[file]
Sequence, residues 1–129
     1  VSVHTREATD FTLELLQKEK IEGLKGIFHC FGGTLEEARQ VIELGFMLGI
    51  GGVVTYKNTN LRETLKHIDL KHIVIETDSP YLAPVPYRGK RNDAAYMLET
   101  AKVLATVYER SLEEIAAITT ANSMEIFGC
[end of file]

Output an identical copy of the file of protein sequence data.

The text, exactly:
Sequence, residues 1–129
     1  VSVHTREATD FTLELLQKEK IEGLKGIFHC FGGTLEEARQ VIELGFMLGI
    51  GGVVTYKNTN LRETLKHIDL KHIVIETDSP YLAPVPYRGK RNDAAYMLET
   101  AKVLATVYER SLEEIAAITT ANSMEIFGC